Nearly five months after Australian authorities suspended search operations for the missing Malaysia Airlines flight MH370 in the southern Indian Ocean, researchers have claimed that they know the exact spot where the plane's wreckage could be found.
The plane disappeared on 8 March 2014 while en route to Beijing from Kuala Lumpur.
"We think we know quite precisely where the plane is," Dr David Griffin from Australia's Commonwealth Scientific and Industrial Research Organisation (Csiro) told a national marine conference in Darwin.
The organisation has reportedly continued their research to assess the crash location of the plane, despite the Australian government suspending the physical search in January after failing to locate any piece of debris. The entire operation cost them nearly $200m.
The Australian government, which had borne a large portion of the two-year long search operation, had then said it would resume the search only if credible information of the plane's location was made available.
Griffin told the conference that findings from ocean drift modelling, examination of a wing part of the missing plane found in Tanzania in June 2016 and study of the places where other debris of the plane were located have helped them to narrow down on the new location.
The new location
Investigators have so far believed that the Boeing 777 crashed along a line known as 'the seventh arc', located to the west of Western Australia.
They had calculated the location, at latitude 39 to 36 degrees south along the seventh arc, based on the plane's last transmission and how far the plane could have glided following the crash.
In December 2016, the researchers said that an area spanning 25,000km at latitude 32 to 36 degrees south of the designated search zone was the correct location.
Further research helped them narrow down the location to a relatively smaller area near 35 degrees south, where they believe the plane's wreckage is highly likely to be found.
"There's a strong current crossing across the seventh arc at [latitude] 35 degrees south, so we think the plane crashed into that current going to the north-west," Griffin said. "That explains why debris didn't arrive in Australia."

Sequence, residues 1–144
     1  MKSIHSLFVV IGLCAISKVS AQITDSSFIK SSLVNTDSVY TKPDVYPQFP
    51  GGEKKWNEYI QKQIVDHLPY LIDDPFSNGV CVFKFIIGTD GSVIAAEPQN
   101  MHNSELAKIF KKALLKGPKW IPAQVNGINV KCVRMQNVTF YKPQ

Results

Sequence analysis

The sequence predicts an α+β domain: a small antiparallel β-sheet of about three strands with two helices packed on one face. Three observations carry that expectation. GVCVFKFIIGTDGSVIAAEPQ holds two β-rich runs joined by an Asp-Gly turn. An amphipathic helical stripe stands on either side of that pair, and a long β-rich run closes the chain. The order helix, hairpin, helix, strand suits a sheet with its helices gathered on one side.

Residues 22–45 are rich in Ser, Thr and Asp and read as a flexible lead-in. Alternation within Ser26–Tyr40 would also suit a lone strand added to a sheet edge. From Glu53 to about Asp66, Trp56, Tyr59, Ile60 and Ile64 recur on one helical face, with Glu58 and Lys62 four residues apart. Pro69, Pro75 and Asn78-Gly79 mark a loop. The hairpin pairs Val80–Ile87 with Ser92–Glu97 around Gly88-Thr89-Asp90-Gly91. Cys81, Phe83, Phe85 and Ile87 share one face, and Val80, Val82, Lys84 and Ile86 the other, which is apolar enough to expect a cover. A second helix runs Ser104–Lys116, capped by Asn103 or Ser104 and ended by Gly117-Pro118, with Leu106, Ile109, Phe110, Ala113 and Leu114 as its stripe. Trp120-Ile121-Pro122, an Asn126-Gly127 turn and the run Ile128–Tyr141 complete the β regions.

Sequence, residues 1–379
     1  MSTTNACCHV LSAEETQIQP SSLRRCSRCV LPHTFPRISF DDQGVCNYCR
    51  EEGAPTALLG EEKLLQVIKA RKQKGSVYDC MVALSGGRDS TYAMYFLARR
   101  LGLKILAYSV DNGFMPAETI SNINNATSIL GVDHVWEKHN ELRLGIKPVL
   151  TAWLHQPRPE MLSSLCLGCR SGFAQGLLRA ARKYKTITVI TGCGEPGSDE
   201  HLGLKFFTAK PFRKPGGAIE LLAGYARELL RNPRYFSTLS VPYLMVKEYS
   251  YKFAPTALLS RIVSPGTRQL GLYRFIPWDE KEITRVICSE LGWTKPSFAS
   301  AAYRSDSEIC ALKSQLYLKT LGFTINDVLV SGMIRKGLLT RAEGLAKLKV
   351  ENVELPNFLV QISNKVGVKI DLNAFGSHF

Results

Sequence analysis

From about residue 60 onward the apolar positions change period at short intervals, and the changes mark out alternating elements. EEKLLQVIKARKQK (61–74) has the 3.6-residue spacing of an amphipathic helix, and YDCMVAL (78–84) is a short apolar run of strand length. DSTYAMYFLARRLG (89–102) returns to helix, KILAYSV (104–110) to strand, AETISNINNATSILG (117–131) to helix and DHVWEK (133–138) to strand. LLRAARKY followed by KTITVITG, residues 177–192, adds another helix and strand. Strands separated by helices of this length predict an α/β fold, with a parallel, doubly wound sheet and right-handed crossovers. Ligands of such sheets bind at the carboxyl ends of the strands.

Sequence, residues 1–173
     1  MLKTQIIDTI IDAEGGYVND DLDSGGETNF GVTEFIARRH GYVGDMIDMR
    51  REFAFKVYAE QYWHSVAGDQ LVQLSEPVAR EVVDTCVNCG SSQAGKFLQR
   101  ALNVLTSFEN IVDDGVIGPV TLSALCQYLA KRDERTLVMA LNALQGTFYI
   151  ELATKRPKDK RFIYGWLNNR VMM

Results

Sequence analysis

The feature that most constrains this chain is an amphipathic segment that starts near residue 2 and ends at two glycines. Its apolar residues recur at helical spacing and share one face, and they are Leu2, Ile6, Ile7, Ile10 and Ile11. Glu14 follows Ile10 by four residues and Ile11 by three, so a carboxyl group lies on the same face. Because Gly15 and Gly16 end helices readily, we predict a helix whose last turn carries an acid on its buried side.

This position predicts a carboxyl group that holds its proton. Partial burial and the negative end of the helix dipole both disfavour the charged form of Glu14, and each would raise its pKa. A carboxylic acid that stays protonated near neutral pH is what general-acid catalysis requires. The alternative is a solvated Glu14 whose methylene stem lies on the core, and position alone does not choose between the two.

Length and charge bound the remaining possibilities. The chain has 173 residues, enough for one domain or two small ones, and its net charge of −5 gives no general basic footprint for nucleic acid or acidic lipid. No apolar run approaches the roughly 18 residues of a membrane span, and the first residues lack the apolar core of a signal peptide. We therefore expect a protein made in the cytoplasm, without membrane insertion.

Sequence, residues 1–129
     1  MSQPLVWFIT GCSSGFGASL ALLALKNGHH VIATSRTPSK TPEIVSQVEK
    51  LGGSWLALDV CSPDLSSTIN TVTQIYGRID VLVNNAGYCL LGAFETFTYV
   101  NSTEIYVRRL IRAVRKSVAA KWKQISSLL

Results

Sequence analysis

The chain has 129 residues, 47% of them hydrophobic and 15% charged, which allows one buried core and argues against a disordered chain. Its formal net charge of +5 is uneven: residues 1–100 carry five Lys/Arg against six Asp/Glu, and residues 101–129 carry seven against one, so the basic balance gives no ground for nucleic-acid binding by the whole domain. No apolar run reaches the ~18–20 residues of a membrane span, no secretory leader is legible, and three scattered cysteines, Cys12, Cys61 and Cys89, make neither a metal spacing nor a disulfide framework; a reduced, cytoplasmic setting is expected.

He explained that specific damage caused to the flaperon found in Tanzania showed that it was not deployed at the time of the crash, which in turn suggested the pilot was not in control and had a hard landing.
Griffin added that their findings also show that the plane would have had a shorter maximum glide distance and, thus, it impacted closer to the seventh arc than first assumed while deciding on the search zone.
The researchers reportedly used satellite technology to precisely calculate the height of the sea level, down to the centimetre. The move was key to figuring out where the ocean was flowing on the fateful day of 8 March 2014.
"And so that's the basis of how we know this current was flowing across the seventh arc at this time," Dr Griffin said, according to Australian Broadcasting Corporation (ABC).
The Csiro has handed over its research findings to the appropriate authorities, who will now decide whether to resume the search for MH370.
The families of the victims had demanded the Malaysian, Chinese and Australian governments to resume the search to give them closure by finding answers to the mystery, which is being referred to as one of the biggest mysteries in aviation history.